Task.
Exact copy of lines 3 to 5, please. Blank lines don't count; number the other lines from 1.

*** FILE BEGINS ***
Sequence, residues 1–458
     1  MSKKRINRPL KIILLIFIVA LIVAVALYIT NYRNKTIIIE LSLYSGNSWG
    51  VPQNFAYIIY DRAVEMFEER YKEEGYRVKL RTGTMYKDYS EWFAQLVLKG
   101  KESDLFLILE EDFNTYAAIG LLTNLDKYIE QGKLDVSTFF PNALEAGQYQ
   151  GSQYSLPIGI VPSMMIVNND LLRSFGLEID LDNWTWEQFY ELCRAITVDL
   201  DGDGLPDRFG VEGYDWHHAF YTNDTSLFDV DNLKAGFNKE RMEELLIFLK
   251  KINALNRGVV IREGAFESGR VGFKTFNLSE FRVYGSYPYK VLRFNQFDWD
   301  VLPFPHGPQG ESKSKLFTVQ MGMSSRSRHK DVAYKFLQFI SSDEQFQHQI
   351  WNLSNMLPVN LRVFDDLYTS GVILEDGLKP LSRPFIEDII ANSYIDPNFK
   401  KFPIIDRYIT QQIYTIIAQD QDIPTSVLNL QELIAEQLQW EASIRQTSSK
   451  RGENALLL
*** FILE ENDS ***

    51  VPQNFAYIIY DRAVEMFEER YKEEGYRVKL RTGTMYKDYS EWFAQLVLKG
   101  KESDLFLILE EDFNTYAAIG LLTNLDKYIE QGKLDVSTFF PNALEAGQYQ
   151  GSQYSLPIGI VPSMMIVNND LLRSFGLEID LDNWTWEQFY ELCRAITVDL